Now, here’s the point. Do any of you know what can give someone an air of superiority? Asking a question to which you already know the answer. It’s great!
A scribe asks Jesus a question, a question to which the scribe already knows the answer. “Teacher, do you know how many commandments there are in the Torah? There are 613!” “Teacher, of all the 613 commandments there are in the Torah, which commandment is the first of all?”
He knew the answer! Do you know the answer? What’s the answer?
“Hear, O Israel: the Lord our God, the Lord is one; you shall love the Lord your God with all your heart, and with all your soul, and with all your mind, and with all your strength.” The second is this, ‘You shall love your neighbor as yourself.’ There is no other commandment greater than these.”
“You are right!” I’m not quite sure of the scribe’s intonation. Because I can’t decide what the feeling is when someone else knows the answer you know. Does it take the wind out of your sails having to share superiority with another?
Or, is the feeling one of comfort in a connection? “Here’s someone that knows what I know. And, in this case, believes what I believe.” When you believe the same thing about God, well, that certainly helps a relationship.
When Beth and I met for the first time, we soon discovered we were the only two Presbyterians on our college campus, and about a half hour later, we were married. We weren’t like the rest of you – having to spend late nights ironing out our doctrines – no, we were of the same mind.
The scribe and Jesus agreed. Now remember, Mark told us that “The Pharisees and the scribes were out to kill Jesus.” That’s the reasoning behind the questions. The Pharisees and the scribes had all the answers. Superiority on full display in Jerusalem. “Teacher, which commandment is first of all?”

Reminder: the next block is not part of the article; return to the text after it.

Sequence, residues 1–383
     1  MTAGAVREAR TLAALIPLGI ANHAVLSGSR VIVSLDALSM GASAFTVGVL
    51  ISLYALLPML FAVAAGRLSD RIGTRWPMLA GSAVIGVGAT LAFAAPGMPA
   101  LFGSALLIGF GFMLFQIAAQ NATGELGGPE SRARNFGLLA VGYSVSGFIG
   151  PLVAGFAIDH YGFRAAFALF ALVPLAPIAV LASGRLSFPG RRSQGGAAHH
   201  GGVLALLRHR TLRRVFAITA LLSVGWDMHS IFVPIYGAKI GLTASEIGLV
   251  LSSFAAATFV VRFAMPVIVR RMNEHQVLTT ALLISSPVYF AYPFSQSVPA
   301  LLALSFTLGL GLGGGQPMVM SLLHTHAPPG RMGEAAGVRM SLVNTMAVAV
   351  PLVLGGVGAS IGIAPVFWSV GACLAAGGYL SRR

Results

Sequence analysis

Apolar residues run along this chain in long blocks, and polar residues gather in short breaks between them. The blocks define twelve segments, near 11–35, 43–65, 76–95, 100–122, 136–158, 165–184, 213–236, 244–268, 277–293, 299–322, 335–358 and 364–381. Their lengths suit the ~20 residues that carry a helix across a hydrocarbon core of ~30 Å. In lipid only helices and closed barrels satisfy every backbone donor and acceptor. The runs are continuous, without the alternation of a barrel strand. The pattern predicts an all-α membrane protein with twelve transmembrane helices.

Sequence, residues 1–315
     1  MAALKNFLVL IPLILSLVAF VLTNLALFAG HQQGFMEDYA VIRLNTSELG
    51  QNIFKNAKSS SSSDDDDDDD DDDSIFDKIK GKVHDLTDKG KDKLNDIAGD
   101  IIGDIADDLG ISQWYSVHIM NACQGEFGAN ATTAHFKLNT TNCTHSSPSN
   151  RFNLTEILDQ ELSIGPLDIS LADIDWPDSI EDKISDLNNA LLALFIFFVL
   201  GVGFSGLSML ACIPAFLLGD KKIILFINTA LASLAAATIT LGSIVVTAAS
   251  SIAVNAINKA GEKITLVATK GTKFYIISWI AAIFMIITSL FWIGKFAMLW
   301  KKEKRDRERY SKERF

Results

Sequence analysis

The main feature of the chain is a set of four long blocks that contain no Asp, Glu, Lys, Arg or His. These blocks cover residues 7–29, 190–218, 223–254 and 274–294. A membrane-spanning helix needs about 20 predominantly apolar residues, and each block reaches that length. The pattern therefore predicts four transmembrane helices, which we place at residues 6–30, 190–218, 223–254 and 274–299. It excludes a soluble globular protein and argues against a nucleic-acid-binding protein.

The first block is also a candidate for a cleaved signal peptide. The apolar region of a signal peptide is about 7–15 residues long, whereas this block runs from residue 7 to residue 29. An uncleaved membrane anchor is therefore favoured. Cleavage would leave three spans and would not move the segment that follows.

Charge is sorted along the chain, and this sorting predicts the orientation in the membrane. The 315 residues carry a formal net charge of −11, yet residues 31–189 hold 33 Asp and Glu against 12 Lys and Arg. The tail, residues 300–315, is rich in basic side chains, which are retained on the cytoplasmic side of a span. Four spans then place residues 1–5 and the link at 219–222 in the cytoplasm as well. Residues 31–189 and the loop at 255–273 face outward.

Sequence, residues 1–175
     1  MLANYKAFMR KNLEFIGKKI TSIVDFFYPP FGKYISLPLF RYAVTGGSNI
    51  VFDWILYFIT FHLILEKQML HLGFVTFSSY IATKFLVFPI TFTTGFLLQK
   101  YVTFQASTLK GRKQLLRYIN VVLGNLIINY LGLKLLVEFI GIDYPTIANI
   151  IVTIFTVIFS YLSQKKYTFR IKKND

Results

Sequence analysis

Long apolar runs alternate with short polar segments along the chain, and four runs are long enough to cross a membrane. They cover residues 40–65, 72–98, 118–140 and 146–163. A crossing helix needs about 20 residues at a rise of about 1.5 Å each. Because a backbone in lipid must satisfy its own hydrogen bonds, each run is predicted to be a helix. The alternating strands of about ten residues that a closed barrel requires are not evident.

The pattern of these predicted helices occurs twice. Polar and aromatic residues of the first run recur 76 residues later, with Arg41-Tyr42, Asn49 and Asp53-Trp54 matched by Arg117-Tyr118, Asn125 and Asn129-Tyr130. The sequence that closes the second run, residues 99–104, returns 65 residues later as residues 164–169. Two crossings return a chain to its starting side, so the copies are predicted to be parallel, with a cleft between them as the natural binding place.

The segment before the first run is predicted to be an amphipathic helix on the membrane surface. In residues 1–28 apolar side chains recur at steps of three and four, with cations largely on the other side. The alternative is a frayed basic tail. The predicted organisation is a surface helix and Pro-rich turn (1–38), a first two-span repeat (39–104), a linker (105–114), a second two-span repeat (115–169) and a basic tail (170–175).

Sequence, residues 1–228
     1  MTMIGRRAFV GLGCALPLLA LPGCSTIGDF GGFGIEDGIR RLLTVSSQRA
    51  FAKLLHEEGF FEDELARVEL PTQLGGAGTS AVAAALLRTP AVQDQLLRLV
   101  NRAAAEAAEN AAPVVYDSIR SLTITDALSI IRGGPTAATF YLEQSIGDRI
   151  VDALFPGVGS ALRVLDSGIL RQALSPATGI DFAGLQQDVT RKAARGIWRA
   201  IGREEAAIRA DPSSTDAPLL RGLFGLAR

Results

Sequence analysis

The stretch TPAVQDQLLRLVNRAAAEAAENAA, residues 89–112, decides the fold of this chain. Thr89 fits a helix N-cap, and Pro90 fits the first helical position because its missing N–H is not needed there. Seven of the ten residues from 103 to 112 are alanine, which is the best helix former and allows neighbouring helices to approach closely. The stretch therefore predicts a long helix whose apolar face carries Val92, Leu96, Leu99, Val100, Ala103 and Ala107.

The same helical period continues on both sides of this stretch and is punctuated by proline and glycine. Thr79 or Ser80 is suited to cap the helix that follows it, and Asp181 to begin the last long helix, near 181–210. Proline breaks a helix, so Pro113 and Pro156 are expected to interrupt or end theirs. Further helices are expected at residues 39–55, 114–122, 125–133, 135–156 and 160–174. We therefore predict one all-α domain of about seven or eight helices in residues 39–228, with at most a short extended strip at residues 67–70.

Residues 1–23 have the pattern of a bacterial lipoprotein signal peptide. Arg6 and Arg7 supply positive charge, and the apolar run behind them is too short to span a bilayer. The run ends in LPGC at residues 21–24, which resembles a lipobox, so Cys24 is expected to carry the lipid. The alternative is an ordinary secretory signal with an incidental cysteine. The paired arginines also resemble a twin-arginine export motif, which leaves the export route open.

“You’re right!” I can’t tell if they made a connection. I can’t tell if the relationship changed. Here’s someone who believes what I believe. Is it, “Yippee!”? Or is it, “Darn it! He knew the answer.”? “I thought maybe I could show this crowd who’s following him that this fella doesn’t know what he’s talking about! Back to the drawing board. I was hoping we could put this dude to rest.”
If that’s what he was thinking, then what do you call it when a person who knows the right answer to a question, but his life leads in a different direction? “The scribes were looking for a way to kill.” What do you call that? Irony. It’s called irony. Word and deed going in opposite directions. It can be quite enjoyable catching someone in irony.
The mask advocate getting caught without a mask.
The antivaxxer heading to the hospital.
The follower of Christ not being a follower of Christ.
I thought you were supposed to be about loving your neighbor and not enjoying their downfall.
This scribe had to look Jesus in the eye and say, “You’re right! We believe the same thing. We are to love God and love our neighbors, and this is everything. All the sacrifices and burnt offerings in the world don’t add up to that. The Lord doesn’t require 1,000 offerings. No, what does the Lord require of you? The Lord requires you to do justice, love, and kindness, and walk humbly with your Lord.”
The scribe looked at Jesus. Jesus looked at the scribe. Their words agree. Do their lives agree with their words?
Jesus says, “You’re not far from the kingdom of God.” Not far? Not far.